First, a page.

Genitalia (male):   I actually own a set of these, and while I am generally unwilling to give it up, I've never been overly impressed with the individual components or with whatever synergy the set as a whole may possess. Apparently, I am alone in this assessment. Persons of the male persuasion who sell computer parts have let it be known that possession of this variety of family jewels is required to perform routine computer maintenance; at least, this is what they suggested to two female friends of mine. What's more, one of the women in question recently had a run-in with one of the truck-rental places in town, which rudely insisted she pay the extra $20 a day for a van equipped with an automatic transmission, since she obviously couldn't deal with the $19.95 stick-shift special. Although these bits of silliness are not aimed at me, exactly, I still find them irksome. I do my own computer maintenance, and I generally do it while clothed; nothing on the motherboard is capable of determining gender. And while I have driven a motor vehicle while unclothed — but never mind about that.

Excitement about the millennium:     Admittedly, the first digit of the year hadn't turned over in quite a long time, and people were actually arguing over whether the next century begins in 2000 or 2001, but I still can't work up any enthusiasm for the Age of the Jetsons, or whatever the hell we're supposed to expect from the next thousand years. Not even calls by The Artist Formerly Known As Interesting to party like it's 1999 can rouse me from this temporal torpor. Perhaps I can find solace among the lost souls hoping that the Second Coming, due Real Soon Now according to every TV evangelist big enough to have a mail drop in Ontario, will somehow obviate the need to pay their Visa bills.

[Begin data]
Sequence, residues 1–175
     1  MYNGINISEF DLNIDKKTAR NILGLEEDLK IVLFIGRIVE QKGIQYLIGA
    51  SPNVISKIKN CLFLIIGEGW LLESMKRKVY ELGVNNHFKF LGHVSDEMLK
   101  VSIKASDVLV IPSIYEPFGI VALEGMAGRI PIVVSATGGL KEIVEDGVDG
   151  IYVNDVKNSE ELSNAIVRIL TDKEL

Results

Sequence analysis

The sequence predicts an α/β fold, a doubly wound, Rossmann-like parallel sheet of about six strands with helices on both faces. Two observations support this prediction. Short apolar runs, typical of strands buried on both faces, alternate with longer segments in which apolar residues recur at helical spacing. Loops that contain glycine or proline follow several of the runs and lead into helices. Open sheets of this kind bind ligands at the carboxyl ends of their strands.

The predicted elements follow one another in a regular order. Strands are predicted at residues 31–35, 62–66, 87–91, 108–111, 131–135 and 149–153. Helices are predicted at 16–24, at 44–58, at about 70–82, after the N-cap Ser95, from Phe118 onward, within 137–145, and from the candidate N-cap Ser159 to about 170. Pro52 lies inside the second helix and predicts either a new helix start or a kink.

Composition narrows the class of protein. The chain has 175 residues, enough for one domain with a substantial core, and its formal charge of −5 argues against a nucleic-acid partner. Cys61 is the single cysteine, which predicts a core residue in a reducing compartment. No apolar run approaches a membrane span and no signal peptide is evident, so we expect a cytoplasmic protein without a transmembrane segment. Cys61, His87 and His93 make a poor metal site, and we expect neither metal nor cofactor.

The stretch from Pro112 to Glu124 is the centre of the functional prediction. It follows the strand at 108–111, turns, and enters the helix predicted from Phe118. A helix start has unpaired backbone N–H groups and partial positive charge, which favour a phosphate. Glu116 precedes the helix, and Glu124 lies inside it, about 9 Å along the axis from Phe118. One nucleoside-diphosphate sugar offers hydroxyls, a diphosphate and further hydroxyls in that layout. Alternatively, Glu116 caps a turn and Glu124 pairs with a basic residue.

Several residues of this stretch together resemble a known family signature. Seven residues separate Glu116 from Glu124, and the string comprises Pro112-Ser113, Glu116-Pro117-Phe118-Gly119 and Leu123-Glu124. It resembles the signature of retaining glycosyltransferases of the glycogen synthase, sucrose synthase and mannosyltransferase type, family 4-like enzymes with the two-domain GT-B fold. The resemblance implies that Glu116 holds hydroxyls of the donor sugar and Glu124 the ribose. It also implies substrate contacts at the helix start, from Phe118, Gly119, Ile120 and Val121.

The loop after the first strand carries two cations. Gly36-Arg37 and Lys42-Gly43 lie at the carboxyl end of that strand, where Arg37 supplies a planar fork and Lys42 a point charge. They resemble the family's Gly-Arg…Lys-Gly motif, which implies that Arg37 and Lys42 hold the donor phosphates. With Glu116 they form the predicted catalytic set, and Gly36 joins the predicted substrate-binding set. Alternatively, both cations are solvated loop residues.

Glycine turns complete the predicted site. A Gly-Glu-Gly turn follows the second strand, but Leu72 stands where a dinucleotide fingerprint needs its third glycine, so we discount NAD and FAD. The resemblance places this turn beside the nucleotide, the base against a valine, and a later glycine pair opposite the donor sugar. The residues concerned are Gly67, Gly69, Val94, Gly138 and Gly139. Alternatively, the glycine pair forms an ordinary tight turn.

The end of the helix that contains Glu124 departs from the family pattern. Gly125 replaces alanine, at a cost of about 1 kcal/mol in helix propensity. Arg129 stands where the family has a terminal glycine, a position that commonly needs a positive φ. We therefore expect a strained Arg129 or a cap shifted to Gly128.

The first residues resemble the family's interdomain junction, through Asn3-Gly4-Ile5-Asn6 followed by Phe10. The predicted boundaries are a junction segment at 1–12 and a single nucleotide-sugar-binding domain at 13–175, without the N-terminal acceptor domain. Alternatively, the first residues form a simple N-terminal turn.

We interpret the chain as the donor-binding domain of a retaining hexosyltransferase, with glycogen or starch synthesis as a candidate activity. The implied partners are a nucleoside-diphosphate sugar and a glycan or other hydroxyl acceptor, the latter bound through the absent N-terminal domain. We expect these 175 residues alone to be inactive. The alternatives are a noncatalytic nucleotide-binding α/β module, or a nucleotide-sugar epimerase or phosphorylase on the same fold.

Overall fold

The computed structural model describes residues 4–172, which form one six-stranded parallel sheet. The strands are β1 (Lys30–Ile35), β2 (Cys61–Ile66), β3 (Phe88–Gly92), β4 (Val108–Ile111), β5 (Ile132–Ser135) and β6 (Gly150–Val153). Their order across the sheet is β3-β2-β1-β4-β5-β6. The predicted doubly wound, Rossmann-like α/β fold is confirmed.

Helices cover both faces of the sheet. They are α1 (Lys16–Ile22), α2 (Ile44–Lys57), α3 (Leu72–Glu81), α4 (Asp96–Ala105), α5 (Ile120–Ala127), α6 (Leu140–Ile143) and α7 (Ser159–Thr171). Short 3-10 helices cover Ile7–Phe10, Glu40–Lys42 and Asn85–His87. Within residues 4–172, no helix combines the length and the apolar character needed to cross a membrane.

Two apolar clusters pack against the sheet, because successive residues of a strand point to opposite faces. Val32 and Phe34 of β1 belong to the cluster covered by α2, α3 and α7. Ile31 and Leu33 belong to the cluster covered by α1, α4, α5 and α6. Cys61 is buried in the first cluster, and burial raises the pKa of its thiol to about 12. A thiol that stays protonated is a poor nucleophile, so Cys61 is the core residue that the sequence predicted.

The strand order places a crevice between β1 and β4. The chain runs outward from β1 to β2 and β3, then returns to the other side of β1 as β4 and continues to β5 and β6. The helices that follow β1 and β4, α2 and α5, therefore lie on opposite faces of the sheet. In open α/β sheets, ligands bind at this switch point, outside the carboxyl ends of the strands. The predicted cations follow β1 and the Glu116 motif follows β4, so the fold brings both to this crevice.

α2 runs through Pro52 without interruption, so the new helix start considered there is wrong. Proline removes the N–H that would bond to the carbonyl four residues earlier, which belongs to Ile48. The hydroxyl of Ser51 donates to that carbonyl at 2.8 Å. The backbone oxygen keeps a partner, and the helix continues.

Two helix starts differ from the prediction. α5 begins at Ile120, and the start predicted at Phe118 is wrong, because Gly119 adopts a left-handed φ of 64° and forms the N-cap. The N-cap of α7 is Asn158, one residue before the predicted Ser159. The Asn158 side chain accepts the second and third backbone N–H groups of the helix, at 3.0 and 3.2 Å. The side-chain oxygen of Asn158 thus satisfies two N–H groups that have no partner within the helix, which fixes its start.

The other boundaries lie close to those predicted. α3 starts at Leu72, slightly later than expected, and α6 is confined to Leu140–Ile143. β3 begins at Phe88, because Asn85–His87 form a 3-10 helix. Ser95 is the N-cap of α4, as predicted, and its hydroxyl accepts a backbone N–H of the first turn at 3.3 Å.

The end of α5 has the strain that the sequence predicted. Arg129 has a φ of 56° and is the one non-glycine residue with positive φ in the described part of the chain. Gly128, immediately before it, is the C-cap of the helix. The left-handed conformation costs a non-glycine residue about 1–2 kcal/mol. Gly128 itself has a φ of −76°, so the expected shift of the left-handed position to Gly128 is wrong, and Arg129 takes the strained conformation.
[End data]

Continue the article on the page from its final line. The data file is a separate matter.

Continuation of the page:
The Beatles Anthologies 1, 2 and 3:   Most of this stuff was unreleased material in the vaults. Apparently it hasn't occurred to most people that there was a reason it wasn't released. I yield to very few in my fondness for the Fab Four, but this series of excavations borders on the ghoulish. At least the remaining Beatles aren't going on tour — in George Harrison's apt phrase, "so long as John Lennon remains dead." John's solo scraps are now being released, which merely proves my point.

Virginity:   Some people still value this, perhaps in the way one values that new-car smell, but it goes away after a while, and good riddance. It's probably a good thing for a teenager to possess — I have to say that, since I have had two children and even now I'd rather not imagine either of them doing the nasty, the realities of the situation notwithstanding — but the current delusion that lack of information somehow results in abstinence, I'd just as soon see dispelled, preferably permanently.

Personal Web sites:   What, you're still reading?

Last update: 15 September 2002

<> | Writings | Copyright © 1998-2001 by Charles G. Hill